Almost every week we learn of a new cybersecurity incident affecting the world's largest companies and government entities. Given our increasing reliance on electronic devices and online systems to support our daily personal and professional routines, can we really trust that our data is safe? While there is no simple answer to this question, one thing is certain: cybersecurity is quickly becoming a key concern for both individuals and businesses. In this course, we will explore current issues related to cybersecurity ranging from recent data breaches to emerging tools, procedures and technology that can help to protect sensitive information that is stored online. Students will learn methods for investigating and researching cybersecurity-related topics and will have the opportunity to engage in a research project related to the effectiveness of cybersecurity protection mechanisms. We will also explore the broad range of career opportunities in the cybersecurity field to help students identify specific areas of cybersecurity that may be of interest them. Class discussions and activities will prepare students for success in not only their academic career at UT but also for success in their future careers. It will have an enhanced experience for those who are passionate about the theme topic.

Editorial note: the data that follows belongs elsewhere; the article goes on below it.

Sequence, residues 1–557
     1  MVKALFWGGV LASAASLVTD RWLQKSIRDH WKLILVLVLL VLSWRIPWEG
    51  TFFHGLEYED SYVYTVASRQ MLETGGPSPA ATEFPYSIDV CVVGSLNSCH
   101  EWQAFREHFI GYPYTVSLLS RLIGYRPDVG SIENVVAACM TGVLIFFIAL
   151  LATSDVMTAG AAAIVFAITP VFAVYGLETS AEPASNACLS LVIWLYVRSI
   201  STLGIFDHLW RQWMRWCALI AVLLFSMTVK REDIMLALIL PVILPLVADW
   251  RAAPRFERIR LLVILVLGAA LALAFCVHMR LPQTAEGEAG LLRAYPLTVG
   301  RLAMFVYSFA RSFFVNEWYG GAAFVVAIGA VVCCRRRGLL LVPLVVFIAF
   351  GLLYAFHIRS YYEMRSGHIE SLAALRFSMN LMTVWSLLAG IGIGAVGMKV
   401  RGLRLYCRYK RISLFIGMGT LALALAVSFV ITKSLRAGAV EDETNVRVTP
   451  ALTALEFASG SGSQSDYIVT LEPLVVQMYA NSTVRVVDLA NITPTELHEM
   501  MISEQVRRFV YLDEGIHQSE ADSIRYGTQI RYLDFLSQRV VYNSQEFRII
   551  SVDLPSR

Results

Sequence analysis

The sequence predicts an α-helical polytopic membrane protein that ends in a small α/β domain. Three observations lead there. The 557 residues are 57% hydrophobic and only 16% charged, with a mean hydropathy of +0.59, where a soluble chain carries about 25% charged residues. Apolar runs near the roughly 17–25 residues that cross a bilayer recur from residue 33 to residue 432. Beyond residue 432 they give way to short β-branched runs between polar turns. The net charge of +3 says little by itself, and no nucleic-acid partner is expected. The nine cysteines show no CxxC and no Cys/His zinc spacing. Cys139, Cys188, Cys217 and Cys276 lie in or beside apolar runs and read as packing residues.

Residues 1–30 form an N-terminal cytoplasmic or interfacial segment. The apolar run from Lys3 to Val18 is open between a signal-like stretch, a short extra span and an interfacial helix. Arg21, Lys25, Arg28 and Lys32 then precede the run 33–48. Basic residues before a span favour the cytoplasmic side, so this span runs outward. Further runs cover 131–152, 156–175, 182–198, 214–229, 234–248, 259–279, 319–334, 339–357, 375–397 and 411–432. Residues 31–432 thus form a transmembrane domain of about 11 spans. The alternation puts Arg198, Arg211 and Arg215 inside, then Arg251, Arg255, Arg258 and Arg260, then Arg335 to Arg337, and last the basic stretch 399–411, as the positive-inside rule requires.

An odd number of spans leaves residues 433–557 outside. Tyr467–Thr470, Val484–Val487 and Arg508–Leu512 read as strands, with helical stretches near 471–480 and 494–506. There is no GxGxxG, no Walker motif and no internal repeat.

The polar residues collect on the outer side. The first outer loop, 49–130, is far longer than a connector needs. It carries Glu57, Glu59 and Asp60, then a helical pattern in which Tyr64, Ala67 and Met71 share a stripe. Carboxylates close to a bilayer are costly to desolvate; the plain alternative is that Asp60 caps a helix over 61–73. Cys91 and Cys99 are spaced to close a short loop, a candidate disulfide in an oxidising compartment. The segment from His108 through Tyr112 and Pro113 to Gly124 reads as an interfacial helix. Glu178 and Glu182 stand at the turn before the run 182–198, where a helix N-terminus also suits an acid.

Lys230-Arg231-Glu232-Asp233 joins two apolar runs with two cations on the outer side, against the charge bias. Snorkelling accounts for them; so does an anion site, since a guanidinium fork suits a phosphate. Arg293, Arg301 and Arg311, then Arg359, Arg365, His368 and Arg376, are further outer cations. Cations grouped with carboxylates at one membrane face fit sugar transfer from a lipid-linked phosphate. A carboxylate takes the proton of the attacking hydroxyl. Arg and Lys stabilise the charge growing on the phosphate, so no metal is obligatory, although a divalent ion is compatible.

Moore Learning, Innovation and Entrepreneurship

This course engages you to develop an entrepreneurial approach to creating innovative solutions to modern problems. You will spend the first semester vetting out business ideas, forming teams and creating business presentations for a set of business mentors in a "Shark Tank" format. The most promising businesses will be provided capital to launch their business in the second semester. The businesses will compete against each other for two quarters. The first quarter ends before spring break and the second quarter ends in week 12. Peer mentors from UT Entrepreneurs will be paired with each team to help launch and operate the business. Revenues and expenses will be tracked and collected throughout the competition. Profits from the competition will be used to fund the award ceremony and make the course sustainable.

Parsons Stay on Track: The Health and Fitness Connection to Student Success